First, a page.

Green Bay native helped Youngstown make USHL playoffs
By Tom Williams
Michael’s Karow’s latest visit to Chicago had a much happier ending than the last one his Youngstown Phantoms made.
“That trip was not much fun,” Karow said Saturday, referring to the Phantoms’ Game 5 playoff loss to the Chicago Steel in the USHL’s Clark Cup Playoffs.
Leaving the Windy City on Saturday was a lot more satisfying after Karow was drafted by the Arizona Coyotes in the fifth round of the NHL Draft at the United Center.
The Coyotes selected Karow with the 126th pick that originally belonged to the Vancouver Canucks, then the Edmonton Oilers.
Karow spent one season with the Phantoms and attended Ursuline High School when he wasn’t on the ice.
It’s been quite a year for the 18-year-old defenseman from Green Bay, Wis.
Karow was paired with Brandon Estes as the Phantoms’ top defensive pairing as the Phantoms finished in fourth place to return to the USHL Playoffs for the first time since 2015.
“For Michael, the easy part is over,” Phantoms head coach Brad Patterson said. “Preparing for the next levels is the hard part. But it’s an honor.”
After losing the first two games of the best-of-five first-round series against the top-seeded Steel, the Phantoms rebounded for two wins at the Covelli Centre to force Game 5.
“It was definitely special that we made it a series after being down 2-0,” Karow said. “Being able to fight back was a good statement to make.”
The Steel won the Eastern Conference by defeating the Dubuque Fighting Saints, three games to one, then won the Cup with a Game 5 win in the USHL Finals against the Sioux City Musketeers.
For his regular-season play, Karow (four goals, 17 assists) was named to the second team for the league’s Rookie team.
His grade-point average of 3.9 had him ranked in Ursuline’s Top 10 before he transferred when he returned to Green Bay at the end of April. For his academic success, he and Chicago’s Graham Lillibridge received the USHL’s Scholar-Athlete Award.
Patterson said Karow’s character is one of his strongest attributes.
“In that department, he’s already a pro,” said Patterson, who added that Karow displayed the tools for a promising future when he was at the team’s tryout camp in June 2016.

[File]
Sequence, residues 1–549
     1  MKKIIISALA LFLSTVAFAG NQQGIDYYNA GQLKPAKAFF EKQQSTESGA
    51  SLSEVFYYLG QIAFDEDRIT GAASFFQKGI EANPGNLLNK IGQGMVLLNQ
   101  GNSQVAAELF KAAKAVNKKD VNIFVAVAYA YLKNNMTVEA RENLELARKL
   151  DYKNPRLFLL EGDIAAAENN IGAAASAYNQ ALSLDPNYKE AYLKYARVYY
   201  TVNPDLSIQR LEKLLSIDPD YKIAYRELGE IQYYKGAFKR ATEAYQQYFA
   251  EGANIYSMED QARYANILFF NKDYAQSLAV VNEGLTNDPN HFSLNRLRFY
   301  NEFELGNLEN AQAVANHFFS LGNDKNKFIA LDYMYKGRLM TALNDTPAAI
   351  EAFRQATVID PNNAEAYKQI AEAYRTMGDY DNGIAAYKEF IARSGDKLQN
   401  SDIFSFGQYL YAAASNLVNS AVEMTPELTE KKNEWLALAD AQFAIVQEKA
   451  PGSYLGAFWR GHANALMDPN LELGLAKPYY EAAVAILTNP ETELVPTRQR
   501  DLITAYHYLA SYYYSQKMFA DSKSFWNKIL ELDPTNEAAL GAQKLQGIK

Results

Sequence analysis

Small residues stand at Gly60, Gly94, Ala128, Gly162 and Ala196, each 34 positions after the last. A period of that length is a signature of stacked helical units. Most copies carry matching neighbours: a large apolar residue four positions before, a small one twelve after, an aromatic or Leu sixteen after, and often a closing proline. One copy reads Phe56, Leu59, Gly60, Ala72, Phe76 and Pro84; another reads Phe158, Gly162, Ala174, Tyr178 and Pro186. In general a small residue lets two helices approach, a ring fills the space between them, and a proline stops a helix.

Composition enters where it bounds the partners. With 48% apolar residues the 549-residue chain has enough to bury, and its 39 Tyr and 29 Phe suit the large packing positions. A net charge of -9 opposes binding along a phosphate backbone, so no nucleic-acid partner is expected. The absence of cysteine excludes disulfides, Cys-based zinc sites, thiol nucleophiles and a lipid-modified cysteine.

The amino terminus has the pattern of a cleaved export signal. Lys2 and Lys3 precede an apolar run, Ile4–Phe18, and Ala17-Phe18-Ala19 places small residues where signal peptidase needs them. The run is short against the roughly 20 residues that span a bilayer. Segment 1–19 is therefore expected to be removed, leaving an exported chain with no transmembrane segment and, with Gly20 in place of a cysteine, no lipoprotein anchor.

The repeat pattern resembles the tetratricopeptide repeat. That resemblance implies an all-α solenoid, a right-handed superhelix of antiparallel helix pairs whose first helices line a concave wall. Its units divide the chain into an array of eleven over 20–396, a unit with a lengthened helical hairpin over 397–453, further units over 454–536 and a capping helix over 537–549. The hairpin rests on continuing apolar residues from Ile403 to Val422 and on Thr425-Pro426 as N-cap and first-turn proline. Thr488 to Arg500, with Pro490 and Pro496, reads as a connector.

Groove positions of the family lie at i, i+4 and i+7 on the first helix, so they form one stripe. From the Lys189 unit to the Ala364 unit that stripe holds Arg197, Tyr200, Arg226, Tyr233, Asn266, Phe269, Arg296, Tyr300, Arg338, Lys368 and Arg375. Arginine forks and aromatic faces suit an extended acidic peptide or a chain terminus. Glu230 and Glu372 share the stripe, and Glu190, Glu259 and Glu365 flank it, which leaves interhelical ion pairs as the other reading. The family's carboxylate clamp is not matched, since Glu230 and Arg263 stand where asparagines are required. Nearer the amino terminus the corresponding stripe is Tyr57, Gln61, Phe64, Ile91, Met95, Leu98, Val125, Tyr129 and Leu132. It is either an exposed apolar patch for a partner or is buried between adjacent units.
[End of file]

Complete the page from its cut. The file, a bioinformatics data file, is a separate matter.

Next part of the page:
“He showed his skills with all the playing time” he received,” Patterson said. “He met the challenges of the season head-on.”
Karow said he once saw the Coyotes play the Sabres in Buffalo. His only visit to Arizona was as a child when his family vacationed at the Grand Canyon.
Karow and his family made the three-and-a-half hour trip from Green Bay to Chicago on Friday.
“It was really cool, watching dreams come true,” he said of the United Center atmosphere for Friday’s first-round.
He had no forewarning that his name was about to be announced.
“We were following [the draft] on the Internet and then they just announced [his selection],” Karow said. “It was pretty surreal ... awesome.”
Karow is the 12th Youngstown Phantom to be drafted by an NHL team. The others are: Cam Morrison, Colorado Avalanche, 2016, 40th, second round, 2016; Kyle Connor, Winnipeg Jets, 2015, 17th, first round; Ryan Shea, Chicago Blackhawks, 2015, 121st, third round; Chase Pearson, Florida Panthers, 2015, 140th, fifth round; Steven Ruggiero, Anaheim Ducks, 2015, 178th, sixth round; Ryan Bednard, Panthers, 2015, 206th, seventh round; Max Letunov, St. Louis Blues, 2014, 52nd, second round; JJ Piccinich, Toronto Maple Leafs, 2014, 103rd, fourth round; Nathan Walker, Washington Capitals, 2014, 89th, third round; Scott Mayfield, New York Islanders, 2011, 34th, second round; and Matt Mahalak, Carolina Hurricanes, 2011, 163rd, sixth round.
Connor and Mayfield have played NHL games as have these undrafted former Phantoms: Matt O’Connor (Ottawa Senators), Andrej Sustr (Tampa Bay Lightning), Dan Renouf (Detroit Red Wings) and Jiri Sekac (Montreal Canadiens/Ducks).
In the fall, Karow will play for Boston College where he plans to major in business.
His memories of Youngstown will include “how tight-knit the team was and how great the fan-base is.”
The Phantoms’ Most Valuable Player this past season was goaltender Ivan Kulbakov, 20. Although he wasn’t drafted, Patterson expects the goalie from Belarus will attend NHL development camps this summer and could turn pro this fall.